Qatar's monetary and banking system is headed by the Qatar Central Bank (QCB). The bank supervises all banks and money exchange companies in Qatar. In 1993, the QCB was established to assume the functions of the Qatar Monetary Agency. The bank was set up in part to make it independent of the Ministry of Finance and Petroleum. The QCB is responsibly for assuring that all banks operating in Qatar comply with international standards and auditing procedures. Total assets of all banks operating in Qatar was estimated at $13.8 billion in 2000. As of 1999, there were 14 banks operating in Qatar: seven national, two Arab, and six foreign. There were also 10 money exchange companies. The Qatar National Bank is the largest with total assets exceeding $5 billion.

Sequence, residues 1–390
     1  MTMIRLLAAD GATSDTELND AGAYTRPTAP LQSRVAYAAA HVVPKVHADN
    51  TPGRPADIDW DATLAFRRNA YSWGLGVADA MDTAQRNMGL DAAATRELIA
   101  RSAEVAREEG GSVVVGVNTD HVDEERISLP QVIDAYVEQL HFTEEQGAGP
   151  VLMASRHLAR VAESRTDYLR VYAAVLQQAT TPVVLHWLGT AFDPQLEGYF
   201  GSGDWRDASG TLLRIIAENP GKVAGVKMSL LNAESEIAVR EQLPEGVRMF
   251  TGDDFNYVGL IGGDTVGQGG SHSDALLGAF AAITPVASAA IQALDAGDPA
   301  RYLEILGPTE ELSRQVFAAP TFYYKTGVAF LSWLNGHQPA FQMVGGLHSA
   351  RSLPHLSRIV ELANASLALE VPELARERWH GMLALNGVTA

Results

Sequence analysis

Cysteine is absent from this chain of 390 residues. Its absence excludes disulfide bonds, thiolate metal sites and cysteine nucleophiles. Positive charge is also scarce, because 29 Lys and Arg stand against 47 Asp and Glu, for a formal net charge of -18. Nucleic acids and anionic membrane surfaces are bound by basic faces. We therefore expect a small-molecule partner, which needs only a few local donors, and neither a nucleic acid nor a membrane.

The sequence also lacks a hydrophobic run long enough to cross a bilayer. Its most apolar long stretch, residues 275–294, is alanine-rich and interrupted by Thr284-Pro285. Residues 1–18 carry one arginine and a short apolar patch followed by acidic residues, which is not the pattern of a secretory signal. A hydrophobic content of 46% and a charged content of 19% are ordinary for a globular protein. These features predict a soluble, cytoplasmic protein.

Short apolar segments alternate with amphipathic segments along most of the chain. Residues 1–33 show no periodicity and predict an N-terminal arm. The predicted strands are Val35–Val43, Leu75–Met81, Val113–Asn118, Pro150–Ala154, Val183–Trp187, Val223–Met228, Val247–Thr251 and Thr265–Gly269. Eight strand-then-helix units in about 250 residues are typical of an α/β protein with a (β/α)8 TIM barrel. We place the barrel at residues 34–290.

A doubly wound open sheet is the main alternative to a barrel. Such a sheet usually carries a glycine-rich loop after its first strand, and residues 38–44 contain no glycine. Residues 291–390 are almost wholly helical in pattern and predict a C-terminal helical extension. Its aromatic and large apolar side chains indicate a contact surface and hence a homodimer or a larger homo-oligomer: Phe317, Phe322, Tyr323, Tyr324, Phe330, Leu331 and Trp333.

The Qatari Riyal was fixed to the US dollar at a rate of US $1= QR 3.65 in June 1980, and has remained at that rate to date. However, for practical purposes the rate is US $1= QR 3.639. Because the exchange rate is fixed, Qatar cannot employ monetary policy for domestic price regulation and employment objectives. The International Monetary Fund reports that in 2001, currency and demand deposits—an aggregate commonly known as M1—were equal to $1.4 billion. In that same year, M2—an aggregate equal to M1 plus savings deposits, small time deposits, and money market mutual funds—was $7.9 billion.
There is no stock exchange. Shares in Qatari public companies are traded through banks.